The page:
|My daughter Cricket|
I had a rather disturbing conversation recently with a co-worker in children’s church. At least it was for me, although he seemed unfazed.
I was preparing to show a clip from the overtly Christian movie, Facing the Giants, at the end of a David and Goliath lesson for over 100 elementary-aged kids. When I mentioned how the last football scene in the movie always gave me chill bumps and misty eyes, Sean (name changed), my “co-host,” abruptly stated that he’d never seen the movie and probably never would.
“Why not?” I asked, astonished. I knew he had a son and daughter who were the perfect ages to benefit from the tremendous application message in the film about honoring God in sports (and life) no matter what – win or lose.
“Because,” he stated rather smugly, I thought, “the acting and directing are reportedly sub-par. As an actor myself, I can’t abide movies or plays that don’t achieve the highest standards.”
“Oh, I see. So you’ve never been to your children’s school plays? Or any church productions?”
“It’s not the same thing. They’re not professionals.”
“But what is their end goal – their purpose (as believers) for performing?”
“To glorify God, of course.”
“And what is the purpose of Christian producers, directors and actors in the mainstream arts?”
Sean paused. “To glorify God, I suppose.” The irony of his answer seemed to sink in as his face colored slightly. “But when I’m spending money to see a film, I want to spend it on something that will edify and challenge me. Not something that I could have done better myself.”
“I thought you said you’d never seen it.”
“Then how do you know God wouldn’t use it to touch your heart, or edify and challenge your wife or your children through a movie that was completely created and dedicated to His service? The first time I saw it, I thought some of the acting could have been better, but in the end, it didn’t matter one whit. I was so caught up in the story and the wonder of God’s miraculous intervention in the lives of the characters that I was intensely moved, more than by any movie I’ve seen in a long time. In the Bible, God speaks through donkeys and chickens. Why would you assume He can’t speak through arts created by gifted people who love Him?”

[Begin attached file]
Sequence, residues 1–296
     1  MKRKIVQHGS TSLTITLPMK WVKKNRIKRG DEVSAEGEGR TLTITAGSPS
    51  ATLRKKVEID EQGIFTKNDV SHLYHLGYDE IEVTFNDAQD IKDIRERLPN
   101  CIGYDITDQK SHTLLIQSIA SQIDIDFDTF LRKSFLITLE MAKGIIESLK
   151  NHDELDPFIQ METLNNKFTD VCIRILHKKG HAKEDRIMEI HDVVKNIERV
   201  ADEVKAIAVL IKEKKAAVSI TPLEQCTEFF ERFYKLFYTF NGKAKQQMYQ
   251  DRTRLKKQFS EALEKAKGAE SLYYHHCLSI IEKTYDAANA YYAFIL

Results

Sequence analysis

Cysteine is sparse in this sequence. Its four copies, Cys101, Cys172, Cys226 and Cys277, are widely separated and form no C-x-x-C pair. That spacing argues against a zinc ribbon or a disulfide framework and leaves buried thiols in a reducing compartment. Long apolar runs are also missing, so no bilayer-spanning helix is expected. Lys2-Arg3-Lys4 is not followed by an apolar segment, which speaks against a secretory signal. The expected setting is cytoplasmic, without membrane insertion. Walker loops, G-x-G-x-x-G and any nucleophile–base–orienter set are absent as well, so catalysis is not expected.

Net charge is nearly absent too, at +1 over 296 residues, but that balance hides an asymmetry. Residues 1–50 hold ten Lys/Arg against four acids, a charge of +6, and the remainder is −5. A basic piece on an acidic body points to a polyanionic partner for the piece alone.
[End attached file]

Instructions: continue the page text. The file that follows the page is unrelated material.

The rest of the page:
Sean shrugged and turned away, but I noticed later while the clip was playing he was riveted to the screen along with every other eye in the room.
I feel very strongly about supporting faith-based arts. I’m not saying we have to pretend to like them all, but I feel that we owe it to our brothers and sisters in the Lord to support their efforts to use their talents and abilities in His name. After all, He intentionally gave them their talents and abilities for just that purpose.
I want my money to speak for my choice to dwell on things that are true and honorable and right; things that are pure and lovely and admirable (Phil.4:8). I want Hollywood to know by my attendance – numbers ares the only way to speak their language – that I support movies that make me think about that which is spiritually “excellent and worthy of praise.”
And I’m willing to plunk my Andrew Jacksons down as proof.
I haven’t yet seen the newest big screen phenomena, Soul Surfer, but I plan to as soon as Spouse emerges from tax week and we can manage to carve out a date night. I’ve heard good things about it, but even if I hadn’t, I’d go to make a moral statement. And I hope you will too.